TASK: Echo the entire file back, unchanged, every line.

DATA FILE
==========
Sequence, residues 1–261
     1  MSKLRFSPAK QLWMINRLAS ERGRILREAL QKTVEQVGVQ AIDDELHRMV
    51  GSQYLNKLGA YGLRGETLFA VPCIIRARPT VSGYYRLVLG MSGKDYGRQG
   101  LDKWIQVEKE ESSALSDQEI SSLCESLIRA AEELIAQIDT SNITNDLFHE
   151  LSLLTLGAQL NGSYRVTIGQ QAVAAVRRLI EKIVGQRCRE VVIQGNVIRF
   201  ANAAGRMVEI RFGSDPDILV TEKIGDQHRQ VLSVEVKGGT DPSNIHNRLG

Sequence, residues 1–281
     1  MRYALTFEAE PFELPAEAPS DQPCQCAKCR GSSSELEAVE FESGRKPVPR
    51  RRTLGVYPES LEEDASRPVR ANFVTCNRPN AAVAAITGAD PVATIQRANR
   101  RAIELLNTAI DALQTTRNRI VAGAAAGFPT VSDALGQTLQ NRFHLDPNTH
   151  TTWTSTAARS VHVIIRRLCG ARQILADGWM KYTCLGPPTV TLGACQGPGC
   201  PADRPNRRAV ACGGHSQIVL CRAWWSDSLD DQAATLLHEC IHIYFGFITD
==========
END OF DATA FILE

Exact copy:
Sequence, residues 1–261
     1  MSKLRFSPAK QLWMINRLAS ERGRILREAL QKTVEQVGVQ AIDDELHRMV
    51  GSQYLNKLGA YGLRGETLFA VPCIIRARPT VSGYYRLVLG MSGKDYGRQG
   101  LDKWIQVEKE ESSALSDQEI SSLCESLIRA AEELIAQIDT SNITNDLFHE
   151  LSLLTLGAQL NGSYRVTIGQ QAVAAVRRLI EKIVGQRCRE VVIQGNVIRF
   201  ANAAGRMVEI RFGSDPDILV TEKIGDQHRQ VLSVEVKGGT DPSNIHNRLG

Sequence, residues 1–281
     1  MRYALTFEAE PFELPAEAPS DQPCQCAKCR GSSSELEAVE FESGRKPVPR
    51  RRTLGVYPES LEEDASRPVR ANFVTCNRPN AAVAAITGAD PVATIQRANR
   101  RAIELLNTAI DALQTTRNRI VAGAAAGFPT VSDALGQTLQ NRFHLDPNTH
   151  TTWTSTAARS VHVIIRRLCG ARQILADGWM KYTCLGPPTV TLGACQGPGC
   201  PADRPNRRAV ACGGHSQIVL CRAWWSDSLD DQAATLLHEC IHIYFGFITD